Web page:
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Old 03-22-2015, 08:49 PM   #11
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According to the Exide website they have 3 types of marine batterys.

MS = Marine starting
MDP = Dual purpose
MDC = Deep cycle

MDC27 is a Group27 deep cycle battery.
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Old 03-22-2015, 10:01 PM   #12
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What interested me was that it is rated for 105 amp hours at 20 hrs which would be an upgrade from my group 24 battery which I think is 65 amp hours. Also Menards has 11% off through the 3/28.
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Old 03-22-2015, 11:40 PM   #13
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That is a marine deep cycle/starting battery hybrid.

You can get a true deep cycle 6v GC2 golf cart battery at Costco for $84. You will need two of them in series though.

My group 24 "deep cycle" that came with my toy hauler couldn't run the heater over night at 45 degrees Fahrenheit without taking the battery under 50%.

The group 27 you are looking at would only fair a little bit better.
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Old 03-23-2015, 12:04 AM   #14
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Originally Posted by Rrickim63 View Post
I thought the general rule was if it showed cranking amps it wasn't a deep cycle
Right on the money! This one is right "on the verge". It may qualify as a deep cycle, but with the mesh type plates it's crawling just under the wire.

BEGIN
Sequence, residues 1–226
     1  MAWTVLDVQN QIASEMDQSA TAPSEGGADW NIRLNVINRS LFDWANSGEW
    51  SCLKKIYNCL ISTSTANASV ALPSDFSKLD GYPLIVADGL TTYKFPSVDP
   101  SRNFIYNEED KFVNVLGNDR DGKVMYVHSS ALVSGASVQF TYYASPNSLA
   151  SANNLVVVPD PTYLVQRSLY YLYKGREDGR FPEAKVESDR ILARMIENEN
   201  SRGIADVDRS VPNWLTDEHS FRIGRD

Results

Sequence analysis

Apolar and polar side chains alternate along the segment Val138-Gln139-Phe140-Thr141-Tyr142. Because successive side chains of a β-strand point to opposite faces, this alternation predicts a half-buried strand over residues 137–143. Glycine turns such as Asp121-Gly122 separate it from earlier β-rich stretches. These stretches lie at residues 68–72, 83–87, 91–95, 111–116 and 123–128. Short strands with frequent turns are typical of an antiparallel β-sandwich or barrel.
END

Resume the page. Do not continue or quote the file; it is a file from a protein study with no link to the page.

20 bones more to get into a solid plate deep cycle would be well worth it.

It always amazes me when folk argue that $90 deep cycles are no different than the $150 cells. If you've "lived it".. you really realize that you get what you pay for.. but for most seasonal campers the $90 "jobs" are more than adequate. Ya gonna kill em in 3-5 anyway, right?
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Old 03-23-2015, 03:08 PM   #15
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Any battery with the capacity shown in CA or MCA may or may not be a true deep-cycle battery. It is sometimes hard to tell, as the term deep cycle is often overused - we have even seen the term "deep cycle" used in automotive starting battery advertising. CA and MCA ratings are at 32 degrees F, while CCA is at zero degree F. Unfortunately, the only positive way to tell with some batteries is to buy one and cut it open - not much of an option.
This is from your link, at $84 dollars I would use this battery as a deep cycle.But do what you want to do.
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Old 03-23-2015, 03:14 PM   #16
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This is not a pure deep cycle battery. The nautilus is a dual purpose battery. A true deep cycle battery is a single purpose deep cycle battery

EXIDE® Nautilus™ Marine Deep Cycle